To improve HABs forecasts, during the past two summers,  GLERL has been partnering with the Cooperative Institute for Limnology and Ecosystems Research (CILER) and Skypics to use a special hyperspectral sensor on an airplane-mounted camera. This weekly airborne campaign is coordinated with the weekly Lake Erie monitoring program. The monitoring program collects samples at multiple stations around western Lake Erie and the hyperspectral sensor captures images from those sampling stations on the same day. Comparing the field collected samples with what the sensor “sees” helps us to understand how well the sensor is working for HAB detection. Additionally, we coordinate with researchers at NASA’s Cleveland office, who are also flying their own airborne imaging sensor, to cross check our results with theirs for even more robust hyperspectral data validation and quality control.


Check out this short video clip of a HAB, taken by pilot, Zach Haslick, from Skypics, as seen from the window of his airplane, while flying the hyperspectral sensor over an area of Lake Erie.

Like satellites, hyperspectral sensors collect information on HAB location and size, but since our weekly hyperspectral flyovers are done below the clouds, the images are much higher resolution compared to satellites. Because of this, the hyperspectral sensors provide more accurate and detailed information on bloom concentration, extent, and even the types of algae present in the lake.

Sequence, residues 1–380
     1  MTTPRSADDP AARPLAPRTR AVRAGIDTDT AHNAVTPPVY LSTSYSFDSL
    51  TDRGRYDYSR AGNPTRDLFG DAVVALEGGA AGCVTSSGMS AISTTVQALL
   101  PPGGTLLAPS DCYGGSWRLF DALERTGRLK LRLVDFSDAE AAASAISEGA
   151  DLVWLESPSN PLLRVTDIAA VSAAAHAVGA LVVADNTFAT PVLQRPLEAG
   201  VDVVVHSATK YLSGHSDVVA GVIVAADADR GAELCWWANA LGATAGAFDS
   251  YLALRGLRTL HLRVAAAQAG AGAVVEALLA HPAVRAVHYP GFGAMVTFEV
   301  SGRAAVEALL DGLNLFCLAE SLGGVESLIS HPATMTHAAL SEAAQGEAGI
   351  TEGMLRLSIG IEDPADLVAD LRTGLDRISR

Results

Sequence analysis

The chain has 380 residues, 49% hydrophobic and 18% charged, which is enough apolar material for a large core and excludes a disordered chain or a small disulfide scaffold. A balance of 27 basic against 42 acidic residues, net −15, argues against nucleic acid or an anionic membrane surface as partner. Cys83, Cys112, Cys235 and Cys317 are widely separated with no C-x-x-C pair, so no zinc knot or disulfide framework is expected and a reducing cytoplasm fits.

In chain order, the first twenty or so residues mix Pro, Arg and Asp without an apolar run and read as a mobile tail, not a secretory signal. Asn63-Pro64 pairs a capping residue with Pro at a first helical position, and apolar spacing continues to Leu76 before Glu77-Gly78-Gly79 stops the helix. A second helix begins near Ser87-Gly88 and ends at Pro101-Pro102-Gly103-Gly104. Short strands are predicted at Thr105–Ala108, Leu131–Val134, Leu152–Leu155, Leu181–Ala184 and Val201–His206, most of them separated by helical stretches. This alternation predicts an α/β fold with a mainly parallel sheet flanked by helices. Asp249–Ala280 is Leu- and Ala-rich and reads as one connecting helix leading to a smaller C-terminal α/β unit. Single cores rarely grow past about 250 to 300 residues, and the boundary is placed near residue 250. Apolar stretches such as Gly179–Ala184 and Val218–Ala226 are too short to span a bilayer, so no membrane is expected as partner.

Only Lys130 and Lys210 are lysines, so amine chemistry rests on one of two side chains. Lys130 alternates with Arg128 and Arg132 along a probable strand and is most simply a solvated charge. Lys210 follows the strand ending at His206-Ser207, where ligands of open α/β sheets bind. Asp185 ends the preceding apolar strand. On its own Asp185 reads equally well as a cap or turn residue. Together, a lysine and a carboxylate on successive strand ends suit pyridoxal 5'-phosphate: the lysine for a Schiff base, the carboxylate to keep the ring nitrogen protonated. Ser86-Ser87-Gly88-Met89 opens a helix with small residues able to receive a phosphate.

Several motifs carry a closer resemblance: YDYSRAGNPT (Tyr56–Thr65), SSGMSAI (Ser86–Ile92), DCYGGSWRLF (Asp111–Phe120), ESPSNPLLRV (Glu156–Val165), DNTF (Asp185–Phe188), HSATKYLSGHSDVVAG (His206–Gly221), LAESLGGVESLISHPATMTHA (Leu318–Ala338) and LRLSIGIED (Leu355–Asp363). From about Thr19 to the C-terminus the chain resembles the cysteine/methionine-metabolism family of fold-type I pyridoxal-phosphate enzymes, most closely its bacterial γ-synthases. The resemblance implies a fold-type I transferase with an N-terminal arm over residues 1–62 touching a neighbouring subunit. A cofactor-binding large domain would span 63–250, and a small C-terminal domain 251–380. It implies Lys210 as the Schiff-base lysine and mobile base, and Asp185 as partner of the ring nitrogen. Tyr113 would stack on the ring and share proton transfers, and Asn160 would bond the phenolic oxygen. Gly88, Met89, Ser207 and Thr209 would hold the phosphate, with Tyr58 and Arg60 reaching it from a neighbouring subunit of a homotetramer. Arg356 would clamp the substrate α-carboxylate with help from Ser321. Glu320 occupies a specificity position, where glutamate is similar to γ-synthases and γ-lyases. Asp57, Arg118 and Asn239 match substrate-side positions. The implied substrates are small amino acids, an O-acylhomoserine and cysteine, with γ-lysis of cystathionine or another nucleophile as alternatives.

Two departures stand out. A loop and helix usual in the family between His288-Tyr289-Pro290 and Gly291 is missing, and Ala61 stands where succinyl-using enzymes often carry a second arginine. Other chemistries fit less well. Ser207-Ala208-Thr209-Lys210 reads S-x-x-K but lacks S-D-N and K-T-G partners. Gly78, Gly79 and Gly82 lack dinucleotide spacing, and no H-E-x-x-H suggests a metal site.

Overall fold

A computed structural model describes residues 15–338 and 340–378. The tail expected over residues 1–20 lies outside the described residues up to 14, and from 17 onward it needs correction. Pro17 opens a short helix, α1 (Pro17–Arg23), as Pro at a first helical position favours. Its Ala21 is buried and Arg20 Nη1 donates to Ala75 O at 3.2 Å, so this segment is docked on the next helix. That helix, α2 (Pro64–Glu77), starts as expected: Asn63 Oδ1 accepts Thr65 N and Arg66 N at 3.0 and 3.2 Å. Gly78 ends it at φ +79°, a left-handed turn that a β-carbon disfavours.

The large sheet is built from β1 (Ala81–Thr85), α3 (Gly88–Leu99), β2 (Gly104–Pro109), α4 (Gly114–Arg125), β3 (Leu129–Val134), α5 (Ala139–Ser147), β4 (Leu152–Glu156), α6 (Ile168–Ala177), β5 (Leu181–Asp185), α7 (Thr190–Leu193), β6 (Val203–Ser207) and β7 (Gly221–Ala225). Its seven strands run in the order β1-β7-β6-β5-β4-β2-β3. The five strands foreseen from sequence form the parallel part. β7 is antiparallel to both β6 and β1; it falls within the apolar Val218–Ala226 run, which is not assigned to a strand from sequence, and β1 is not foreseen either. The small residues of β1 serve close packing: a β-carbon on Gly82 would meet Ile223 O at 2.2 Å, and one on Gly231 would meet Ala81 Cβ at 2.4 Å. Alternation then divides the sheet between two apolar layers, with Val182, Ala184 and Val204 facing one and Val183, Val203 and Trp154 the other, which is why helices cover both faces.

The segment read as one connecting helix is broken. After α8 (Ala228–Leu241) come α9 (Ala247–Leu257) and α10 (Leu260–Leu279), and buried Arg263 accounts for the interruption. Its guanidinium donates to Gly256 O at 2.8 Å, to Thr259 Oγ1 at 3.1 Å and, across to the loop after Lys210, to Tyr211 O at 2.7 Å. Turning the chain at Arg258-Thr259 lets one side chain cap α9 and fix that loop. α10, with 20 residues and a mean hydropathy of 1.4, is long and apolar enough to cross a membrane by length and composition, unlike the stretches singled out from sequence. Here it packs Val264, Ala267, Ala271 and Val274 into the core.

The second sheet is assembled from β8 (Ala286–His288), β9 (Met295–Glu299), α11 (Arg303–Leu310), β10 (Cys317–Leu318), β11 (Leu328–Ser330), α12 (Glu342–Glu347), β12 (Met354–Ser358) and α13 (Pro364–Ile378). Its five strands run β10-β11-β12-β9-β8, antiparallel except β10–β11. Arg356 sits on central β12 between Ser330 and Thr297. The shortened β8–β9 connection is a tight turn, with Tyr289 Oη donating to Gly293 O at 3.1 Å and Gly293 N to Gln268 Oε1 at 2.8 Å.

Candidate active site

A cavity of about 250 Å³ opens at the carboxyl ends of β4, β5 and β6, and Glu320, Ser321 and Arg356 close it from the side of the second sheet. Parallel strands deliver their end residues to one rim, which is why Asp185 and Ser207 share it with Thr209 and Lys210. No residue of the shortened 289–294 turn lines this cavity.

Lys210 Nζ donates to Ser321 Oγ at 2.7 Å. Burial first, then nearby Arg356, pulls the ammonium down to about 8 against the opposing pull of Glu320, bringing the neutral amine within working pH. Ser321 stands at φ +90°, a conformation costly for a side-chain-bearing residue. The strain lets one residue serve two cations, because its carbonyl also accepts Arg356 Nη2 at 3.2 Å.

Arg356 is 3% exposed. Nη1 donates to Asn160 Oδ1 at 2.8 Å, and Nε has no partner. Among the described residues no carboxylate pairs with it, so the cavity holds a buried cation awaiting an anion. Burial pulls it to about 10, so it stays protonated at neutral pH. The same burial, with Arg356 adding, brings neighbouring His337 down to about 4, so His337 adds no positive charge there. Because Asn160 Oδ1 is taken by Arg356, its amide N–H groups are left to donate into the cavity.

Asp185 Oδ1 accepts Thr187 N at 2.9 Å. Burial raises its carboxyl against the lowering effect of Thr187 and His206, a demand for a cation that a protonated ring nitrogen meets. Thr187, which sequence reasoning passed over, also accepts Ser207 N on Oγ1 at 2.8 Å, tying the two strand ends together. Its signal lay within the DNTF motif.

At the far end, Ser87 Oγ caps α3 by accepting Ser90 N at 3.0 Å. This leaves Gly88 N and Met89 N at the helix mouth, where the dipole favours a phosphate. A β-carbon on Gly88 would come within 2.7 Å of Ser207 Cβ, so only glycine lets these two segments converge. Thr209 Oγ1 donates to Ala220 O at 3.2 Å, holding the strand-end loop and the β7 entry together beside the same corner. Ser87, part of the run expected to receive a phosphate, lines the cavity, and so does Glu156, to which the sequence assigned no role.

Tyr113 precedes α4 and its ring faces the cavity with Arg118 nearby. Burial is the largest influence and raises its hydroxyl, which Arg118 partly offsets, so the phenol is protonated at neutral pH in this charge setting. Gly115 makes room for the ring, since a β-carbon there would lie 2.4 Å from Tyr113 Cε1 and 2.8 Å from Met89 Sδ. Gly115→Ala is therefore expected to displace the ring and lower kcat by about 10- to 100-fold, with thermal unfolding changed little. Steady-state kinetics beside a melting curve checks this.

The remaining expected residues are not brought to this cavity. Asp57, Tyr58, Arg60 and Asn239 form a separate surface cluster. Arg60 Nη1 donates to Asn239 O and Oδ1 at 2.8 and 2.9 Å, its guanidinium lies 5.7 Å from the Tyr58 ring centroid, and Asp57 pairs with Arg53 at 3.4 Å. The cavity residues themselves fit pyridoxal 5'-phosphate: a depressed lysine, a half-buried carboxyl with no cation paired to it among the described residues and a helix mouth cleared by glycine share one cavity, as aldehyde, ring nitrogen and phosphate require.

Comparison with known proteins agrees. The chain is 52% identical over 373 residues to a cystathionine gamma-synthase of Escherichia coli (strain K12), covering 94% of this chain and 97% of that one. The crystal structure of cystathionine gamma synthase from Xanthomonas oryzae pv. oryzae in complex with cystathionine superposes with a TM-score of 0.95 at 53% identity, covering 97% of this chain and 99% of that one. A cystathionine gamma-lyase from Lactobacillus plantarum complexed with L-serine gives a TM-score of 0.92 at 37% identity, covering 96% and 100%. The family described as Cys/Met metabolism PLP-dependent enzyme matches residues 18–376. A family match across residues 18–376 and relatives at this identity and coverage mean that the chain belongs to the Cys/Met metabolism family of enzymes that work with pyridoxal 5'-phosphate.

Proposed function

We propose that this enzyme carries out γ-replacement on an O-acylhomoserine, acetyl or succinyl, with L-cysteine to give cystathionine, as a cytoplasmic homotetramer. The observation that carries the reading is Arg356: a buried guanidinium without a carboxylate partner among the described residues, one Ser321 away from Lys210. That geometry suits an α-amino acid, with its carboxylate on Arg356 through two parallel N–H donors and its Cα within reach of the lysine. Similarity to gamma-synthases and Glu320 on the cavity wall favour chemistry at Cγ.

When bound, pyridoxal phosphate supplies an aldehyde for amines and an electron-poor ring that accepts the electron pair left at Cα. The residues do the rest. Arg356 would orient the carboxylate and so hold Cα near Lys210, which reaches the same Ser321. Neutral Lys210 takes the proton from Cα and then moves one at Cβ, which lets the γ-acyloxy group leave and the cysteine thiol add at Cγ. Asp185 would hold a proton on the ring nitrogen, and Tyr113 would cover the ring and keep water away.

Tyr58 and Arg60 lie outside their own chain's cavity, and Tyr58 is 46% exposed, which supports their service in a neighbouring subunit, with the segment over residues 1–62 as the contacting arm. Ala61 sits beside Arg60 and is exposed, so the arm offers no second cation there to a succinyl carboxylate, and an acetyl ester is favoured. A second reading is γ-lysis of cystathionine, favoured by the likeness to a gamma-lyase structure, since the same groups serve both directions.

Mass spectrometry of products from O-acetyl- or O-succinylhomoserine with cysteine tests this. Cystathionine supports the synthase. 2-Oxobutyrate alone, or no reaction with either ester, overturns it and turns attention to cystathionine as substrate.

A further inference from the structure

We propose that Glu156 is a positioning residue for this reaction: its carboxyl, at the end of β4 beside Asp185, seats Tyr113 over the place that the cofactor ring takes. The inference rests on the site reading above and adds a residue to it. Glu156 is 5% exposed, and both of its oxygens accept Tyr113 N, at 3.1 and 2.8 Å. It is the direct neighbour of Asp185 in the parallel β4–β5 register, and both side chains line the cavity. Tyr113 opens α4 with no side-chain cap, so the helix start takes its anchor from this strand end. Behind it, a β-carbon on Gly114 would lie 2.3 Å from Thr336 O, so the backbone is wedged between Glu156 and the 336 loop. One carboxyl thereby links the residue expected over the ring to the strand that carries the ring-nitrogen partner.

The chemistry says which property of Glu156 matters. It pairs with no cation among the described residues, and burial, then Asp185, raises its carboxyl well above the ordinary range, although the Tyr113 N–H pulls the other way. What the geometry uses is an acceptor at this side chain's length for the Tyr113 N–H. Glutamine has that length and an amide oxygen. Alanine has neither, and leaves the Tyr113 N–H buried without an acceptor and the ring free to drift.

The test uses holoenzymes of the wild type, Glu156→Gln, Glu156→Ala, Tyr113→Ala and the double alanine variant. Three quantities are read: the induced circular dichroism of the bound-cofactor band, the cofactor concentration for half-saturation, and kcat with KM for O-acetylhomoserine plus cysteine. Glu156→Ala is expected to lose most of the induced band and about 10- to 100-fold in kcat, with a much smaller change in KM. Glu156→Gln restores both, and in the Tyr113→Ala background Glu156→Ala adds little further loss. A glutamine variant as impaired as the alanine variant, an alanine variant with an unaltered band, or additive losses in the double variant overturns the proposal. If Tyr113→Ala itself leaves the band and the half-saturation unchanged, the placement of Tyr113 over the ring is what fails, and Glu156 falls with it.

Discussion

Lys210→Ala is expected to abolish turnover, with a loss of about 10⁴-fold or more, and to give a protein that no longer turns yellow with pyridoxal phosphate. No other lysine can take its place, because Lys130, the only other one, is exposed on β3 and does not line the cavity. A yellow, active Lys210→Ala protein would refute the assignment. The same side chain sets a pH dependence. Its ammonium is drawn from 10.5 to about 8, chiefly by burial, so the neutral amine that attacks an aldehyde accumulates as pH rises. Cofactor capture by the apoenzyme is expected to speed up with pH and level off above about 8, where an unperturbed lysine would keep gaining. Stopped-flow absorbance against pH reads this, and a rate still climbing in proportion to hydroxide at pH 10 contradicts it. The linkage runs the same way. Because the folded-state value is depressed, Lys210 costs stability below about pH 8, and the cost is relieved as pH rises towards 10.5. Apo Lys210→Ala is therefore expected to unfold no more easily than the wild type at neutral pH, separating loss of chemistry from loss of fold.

Hyperspectral sensors measure wavelengths, or color bands, released from chlorophyll color pigments in the HAB to detect color pigments that represent different types of algal groups. The process is similar to how the human eye detects wavelengths to create images but the hyperspectral sensor detects bands of wavelengths, or colors, at greater frequencies than what the human eye, or even satellites, can detect. The pigment detection information helps us determine what type of algae is present within blooms and whether or not toxins are present. In the long run, this will help us develop even more accurate HAB forecasts.

Success! This year the hyperspectral sensor detected a bloom that was not detected by a satellite!

On September 19, the hyperspectral flyover captured a HAB scum near a drinking water intake in Lake Erie that wasn’t visible from the satellite. Using the hyperspectral images, along with our HAB Tracker forecast tool to assess the potential of the scum to mix down into the lake (see images below), we were able to provide the drinking water intake manager with an early warning of a potential HAB moving near the intake.

hab-tracker-prediction-of-sept-19-hab-scum

hab-tracker-run-on-sept-22-comparison-with-flyover

Hyperspectral sensing imagers offer drinking water intake managers a key resource for identifying the type and location of algal blooms near water intake systems, as was demonstrated on September 19. Now that the field season is over we have begun pouring over our data and will incorporate what we learned to improve our HAB Tracker forecast tool and, ultimately, provide better information to decision makers.